Google’s latest moonshot could revolutionize the way we move stuff from point A to point B. As Google [X]’s Captain of Moonshots Astro Teller puts it, “Project Wing aspires to take a big chunk of the remaining friction out of moving.”
To achieve this lofty goal, Google has developed delivery drones that are able to carry a small package, fly autonomously to their destination, and lower the package to the ground through a thin cable. The drones are 1.5 meters wide and 0.8 meters tall and can take off from a fixed spot, like a helicopter, and then switch to flying like an airplane midflight.
According to an extensive profile in The Atlantic, a few dozen Googlers have been involved with the project since its inception two years ago. In its initial phase, Project Wing was led by Nick Roy, a roboticist on a sabbatical break from MIT; following Roy’s return to his regular job, drone expert Dave Vos took over.
Over the past year, Google has tested Project Wing in Australia, a country that has more permissive regulations concerning drones compared to the US, where the FTA issued a blanket ban on commercial development of unmanned air vehicles. The video below is a glimpse of the testing – Australian cattle rancher Neil Parfitt “orders” a package including dog food, from project lead Nick Roy, who promptly dispatches a drone with the package.
As you can see, Google is pretty confident that it solved all the major challenges of the project, though delivery drones are in no way ready for commercial deployment yet. Google still has tons of technical issues to solve, from designing a software interface for users to call drones, to finding a way to avoid dangerous obstacles like power lines, to tweaking the drone’s navigation software for a myriad of edge cases.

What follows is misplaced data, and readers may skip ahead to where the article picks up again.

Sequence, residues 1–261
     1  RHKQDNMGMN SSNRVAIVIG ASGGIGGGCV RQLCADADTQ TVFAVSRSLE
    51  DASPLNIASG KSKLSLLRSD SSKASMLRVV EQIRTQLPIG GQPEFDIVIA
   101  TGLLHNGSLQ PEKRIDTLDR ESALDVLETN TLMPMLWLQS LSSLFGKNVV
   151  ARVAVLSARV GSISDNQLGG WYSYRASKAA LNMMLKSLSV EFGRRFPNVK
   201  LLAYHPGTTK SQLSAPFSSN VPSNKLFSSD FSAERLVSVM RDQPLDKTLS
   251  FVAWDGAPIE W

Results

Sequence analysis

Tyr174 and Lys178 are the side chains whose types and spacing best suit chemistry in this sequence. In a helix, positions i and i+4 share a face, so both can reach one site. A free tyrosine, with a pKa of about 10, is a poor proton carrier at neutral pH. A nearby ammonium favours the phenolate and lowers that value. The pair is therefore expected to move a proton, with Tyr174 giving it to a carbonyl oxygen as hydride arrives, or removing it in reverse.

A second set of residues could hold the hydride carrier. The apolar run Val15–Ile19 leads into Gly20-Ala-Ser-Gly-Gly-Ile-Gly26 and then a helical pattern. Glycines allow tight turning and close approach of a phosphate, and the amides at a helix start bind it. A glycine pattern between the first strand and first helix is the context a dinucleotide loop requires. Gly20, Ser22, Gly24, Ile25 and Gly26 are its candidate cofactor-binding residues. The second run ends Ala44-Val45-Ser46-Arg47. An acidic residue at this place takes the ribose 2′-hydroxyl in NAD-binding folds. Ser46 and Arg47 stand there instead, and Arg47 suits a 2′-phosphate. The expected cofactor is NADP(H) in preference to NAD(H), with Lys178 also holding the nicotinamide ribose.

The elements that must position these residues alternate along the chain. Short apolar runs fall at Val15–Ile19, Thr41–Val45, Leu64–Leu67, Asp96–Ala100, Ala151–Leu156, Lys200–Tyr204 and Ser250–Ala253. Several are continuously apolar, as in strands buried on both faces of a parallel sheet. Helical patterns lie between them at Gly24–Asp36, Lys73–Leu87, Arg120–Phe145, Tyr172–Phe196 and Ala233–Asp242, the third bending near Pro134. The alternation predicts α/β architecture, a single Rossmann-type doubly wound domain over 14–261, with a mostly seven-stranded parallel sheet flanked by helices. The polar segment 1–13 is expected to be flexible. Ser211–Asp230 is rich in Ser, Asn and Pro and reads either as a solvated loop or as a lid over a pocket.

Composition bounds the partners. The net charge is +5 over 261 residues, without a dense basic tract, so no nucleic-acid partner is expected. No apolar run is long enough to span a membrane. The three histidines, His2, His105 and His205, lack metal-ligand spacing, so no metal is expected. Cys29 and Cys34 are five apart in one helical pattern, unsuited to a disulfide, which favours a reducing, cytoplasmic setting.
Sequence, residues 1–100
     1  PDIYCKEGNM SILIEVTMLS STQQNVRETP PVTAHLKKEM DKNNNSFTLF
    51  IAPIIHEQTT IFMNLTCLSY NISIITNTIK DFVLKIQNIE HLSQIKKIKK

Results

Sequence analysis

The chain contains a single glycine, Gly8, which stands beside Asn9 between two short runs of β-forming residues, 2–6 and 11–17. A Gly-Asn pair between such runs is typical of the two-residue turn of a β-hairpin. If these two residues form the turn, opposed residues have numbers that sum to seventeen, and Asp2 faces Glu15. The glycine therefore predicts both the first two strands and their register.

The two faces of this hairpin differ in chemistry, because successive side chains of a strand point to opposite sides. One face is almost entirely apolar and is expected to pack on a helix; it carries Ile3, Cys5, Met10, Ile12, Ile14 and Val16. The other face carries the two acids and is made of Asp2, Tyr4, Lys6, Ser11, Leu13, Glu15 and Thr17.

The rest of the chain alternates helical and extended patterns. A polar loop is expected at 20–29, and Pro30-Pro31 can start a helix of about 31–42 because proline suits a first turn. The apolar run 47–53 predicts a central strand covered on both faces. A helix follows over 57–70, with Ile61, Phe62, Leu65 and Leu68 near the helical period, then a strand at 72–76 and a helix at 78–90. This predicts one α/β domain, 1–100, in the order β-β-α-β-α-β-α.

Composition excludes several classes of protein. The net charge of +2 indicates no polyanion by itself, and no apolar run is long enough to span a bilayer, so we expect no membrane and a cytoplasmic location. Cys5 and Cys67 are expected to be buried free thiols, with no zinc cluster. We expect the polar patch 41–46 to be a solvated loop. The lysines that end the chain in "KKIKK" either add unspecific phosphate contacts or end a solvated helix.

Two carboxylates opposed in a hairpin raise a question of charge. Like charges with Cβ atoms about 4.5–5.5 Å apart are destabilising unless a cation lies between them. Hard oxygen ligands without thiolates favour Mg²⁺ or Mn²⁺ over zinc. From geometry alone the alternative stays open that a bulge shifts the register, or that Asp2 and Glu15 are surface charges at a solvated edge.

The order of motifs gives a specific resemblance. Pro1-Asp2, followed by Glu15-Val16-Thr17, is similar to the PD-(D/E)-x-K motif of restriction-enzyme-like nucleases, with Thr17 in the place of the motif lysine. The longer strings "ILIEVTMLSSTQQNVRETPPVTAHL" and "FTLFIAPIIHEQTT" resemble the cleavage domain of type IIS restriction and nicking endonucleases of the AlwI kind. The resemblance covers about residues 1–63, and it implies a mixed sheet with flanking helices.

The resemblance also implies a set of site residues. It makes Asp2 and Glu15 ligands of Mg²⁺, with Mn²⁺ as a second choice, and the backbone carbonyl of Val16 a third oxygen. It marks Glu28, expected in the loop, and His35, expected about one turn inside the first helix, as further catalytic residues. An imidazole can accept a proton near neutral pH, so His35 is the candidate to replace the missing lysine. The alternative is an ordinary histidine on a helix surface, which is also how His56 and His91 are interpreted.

One of the biggest problems that Google needs to surmount is obtaining clearance to operate the drones. To do so, the company says it “wants a seat at the regulatory table.” Commercial drone operation may be illegal for now in the US, but Google has experience in clearing regulatory hurdles – see self-driving cars and smart contact lenses for proof.
What’s the end goal for Project Wing? Google says it initially thought about speeding up the process of delivering defibrillators to victims of heart attacks in remote places. But it found that integrating drone delivery in the emergency response system would cancel the speed advantage offered by using a drone in the first place.
Imagine receiving your Play Store order in 30 minutes or less
So Google is now focusing on speedy delivery of goods – the company’s Shopping Express retail service could greatly benefit from super-fast deliveries. Customers could order their groceries (or, why not, a smartphone from the Play Store) and have them in their front yards within minutes. Amazon is exploring the same idea, while Domino’s experimented with drones for pizza deliveries. But we’re still probably years away from scenarios like these.
For an in-depth look at Project Wing, check out The Atlantic’s article by Alexis Madrigal.